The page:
Instead, shortly after that, a propaganda campaign against hemp was created by companies with vested interests. These were companies in the new petroleum based synthetic textile industry, chemical development, and the large and powerful newspaper / lumber industries. Invested in lumber and cotton, they saw a hemp resurgence as a threat to their businesses.
Harry Anslinger, the commissioner the the Alcohol Prohibition department of the federal government, was out of a job following the end of prohibition. He had familial ties to one of the above vested interests, Andrew Mellon, the owner of Mellon bank. Mellon was also the U.S. Secretary of Treasury at that time. It was Mellon who created the Federal Bureau of Narcotics and made Harry Anslinger its first commissioner.
Then it was payback time.
The Birth of Marijuana Madness and Hemp
Harry Anslinger heard rumors about Mexican immigrants smoking the majority of the hemp plant. They called it “marijuana”. Anslinger used this opportunity to increase his and the Bureau of Narcotics standing and return the favor to Mellon and his associates. Anslinger used the slang word marijuana in place of hemp and began spreading rumors about “Negroes and Mexicans” becoming violent while smoking marijuana. In the racist society of the time, the stories stuck and made the public afraid. William Hearst, who invested in timber and mills to produce paper for his newspapers, got on board. His newspapers also forwarded the line that hemp / marijuana was “dangerous”.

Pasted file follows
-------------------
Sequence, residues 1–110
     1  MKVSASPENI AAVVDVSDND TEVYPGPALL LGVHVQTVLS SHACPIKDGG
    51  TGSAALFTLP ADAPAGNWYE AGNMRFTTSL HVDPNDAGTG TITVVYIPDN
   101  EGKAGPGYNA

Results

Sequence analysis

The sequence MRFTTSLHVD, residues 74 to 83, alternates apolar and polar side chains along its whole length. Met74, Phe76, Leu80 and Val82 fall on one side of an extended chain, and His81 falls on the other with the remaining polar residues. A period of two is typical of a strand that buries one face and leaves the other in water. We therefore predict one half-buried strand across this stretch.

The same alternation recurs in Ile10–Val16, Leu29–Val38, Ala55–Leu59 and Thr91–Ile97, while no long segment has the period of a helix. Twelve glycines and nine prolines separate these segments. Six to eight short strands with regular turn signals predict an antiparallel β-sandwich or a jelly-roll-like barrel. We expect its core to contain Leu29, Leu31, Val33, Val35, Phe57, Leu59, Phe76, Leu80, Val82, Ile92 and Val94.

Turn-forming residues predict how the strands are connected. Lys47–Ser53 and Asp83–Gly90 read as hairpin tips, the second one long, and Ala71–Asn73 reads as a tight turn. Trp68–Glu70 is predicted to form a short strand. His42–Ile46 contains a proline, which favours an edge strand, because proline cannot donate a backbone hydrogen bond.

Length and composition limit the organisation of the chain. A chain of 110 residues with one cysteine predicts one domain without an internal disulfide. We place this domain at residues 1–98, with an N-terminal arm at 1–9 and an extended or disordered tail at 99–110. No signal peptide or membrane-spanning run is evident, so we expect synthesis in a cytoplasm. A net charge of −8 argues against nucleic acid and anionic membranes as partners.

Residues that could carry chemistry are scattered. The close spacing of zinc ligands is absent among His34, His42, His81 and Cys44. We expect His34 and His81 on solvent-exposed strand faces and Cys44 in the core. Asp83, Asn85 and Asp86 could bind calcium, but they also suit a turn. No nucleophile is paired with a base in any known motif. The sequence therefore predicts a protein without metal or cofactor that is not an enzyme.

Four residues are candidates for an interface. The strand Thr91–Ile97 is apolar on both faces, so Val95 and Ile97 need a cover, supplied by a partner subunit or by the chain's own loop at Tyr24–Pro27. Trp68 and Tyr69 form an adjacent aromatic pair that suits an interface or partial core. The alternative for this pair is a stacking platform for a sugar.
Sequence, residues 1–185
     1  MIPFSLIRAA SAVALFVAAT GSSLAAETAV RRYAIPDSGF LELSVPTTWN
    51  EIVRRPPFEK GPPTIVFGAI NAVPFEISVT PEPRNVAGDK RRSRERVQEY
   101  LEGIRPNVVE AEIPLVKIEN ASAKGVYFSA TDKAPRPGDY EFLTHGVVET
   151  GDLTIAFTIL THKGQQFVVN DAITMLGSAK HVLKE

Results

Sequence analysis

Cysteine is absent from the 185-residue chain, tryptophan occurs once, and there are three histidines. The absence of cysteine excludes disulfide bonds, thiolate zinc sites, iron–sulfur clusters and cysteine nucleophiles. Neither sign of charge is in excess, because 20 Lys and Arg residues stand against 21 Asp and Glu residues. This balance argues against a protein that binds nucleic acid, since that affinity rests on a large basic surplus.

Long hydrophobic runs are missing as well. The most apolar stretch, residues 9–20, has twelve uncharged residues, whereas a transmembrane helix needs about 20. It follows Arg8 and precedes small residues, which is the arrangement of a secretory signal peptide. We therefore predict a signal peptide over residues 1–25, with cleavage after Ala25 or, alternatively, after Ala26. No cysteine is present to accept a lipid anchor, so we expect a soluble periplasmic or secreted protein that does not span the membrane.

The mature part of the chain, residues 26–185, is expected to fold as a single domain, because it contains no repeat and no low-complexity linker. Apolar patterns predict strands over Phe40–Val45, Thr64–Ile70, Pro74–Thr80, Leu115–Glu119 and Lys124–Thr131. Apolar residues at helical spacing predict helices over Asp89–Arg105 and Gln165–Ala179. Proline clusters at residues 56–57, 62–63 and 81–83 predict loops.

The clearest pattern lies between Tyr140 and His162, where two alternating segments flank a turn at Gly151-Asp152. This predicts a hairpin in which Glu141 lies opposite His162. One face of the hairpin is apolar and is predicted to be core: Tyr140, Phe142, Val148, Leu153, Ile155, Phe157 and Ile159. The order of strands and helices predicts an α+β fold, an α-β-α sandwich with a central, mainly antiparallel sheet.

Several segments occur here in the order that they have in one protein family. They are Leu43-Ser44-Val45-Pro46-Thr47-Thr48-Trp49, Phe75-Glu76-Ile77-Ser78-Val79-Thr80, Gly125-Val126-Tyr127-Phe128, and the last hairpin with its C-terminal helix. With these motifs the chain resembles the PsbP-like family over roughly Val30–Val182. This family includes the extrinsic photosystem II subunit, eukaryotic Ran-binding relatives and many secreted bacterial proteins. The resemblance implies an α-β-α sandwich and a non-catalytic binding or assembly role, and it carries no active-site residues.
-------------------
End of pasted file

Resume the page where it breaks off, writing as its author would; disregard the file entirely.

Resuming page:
The net result of this negative campaign against hemp and the adoption and demonization of the term “marijuana” was virtual disappearance of hemp farming in America. In 1937 the Marijuana Tax Act was signed into law. This law effectively outlawed the possession and transfer of marijuana throughout the United States. This, by extension, also made hemp illegal. Some say that hemp was lumped in with marijuana due the the confusion between the two plants. Truthfully it is also likely it was because of the vested interests who benefited from hemp becoming illegal.
Now that the Farm Bill defines hemp as resolutely separate from marijuana the future looks bright for hemp. It will no longer be considered a controlled substance by the Drug Enforcement Agency. This means that the legality of growing, processing and crossing state lines will be unhindered at a federal level moving forward. However, the Farm Bill does not preempt state law. It will be up to the states to regulate hemp production and processing.
What we can be certain of, is that more farmers will consider growing hemp. Good news for family farms, an industry which has shrunk by two-thirds since the great depression according to USDA reports.
The passage of the Farm Bill is good news in our current trade stand-off with China. China currently produces 50% of the world’s supply of cannabis according to a report in Forbes–largely hemp. It is estimated that the legalization of hemp in the US, it will grow to be a 22 billion dollar industry.
And why not? Hemp has a ton of uses, from cloth to industrial materials to CBD.
The passage of the Farm Bill opens the door to advertising, investment and research into the possibilities for hemp that were not previously available.
It is indeed an exciting time.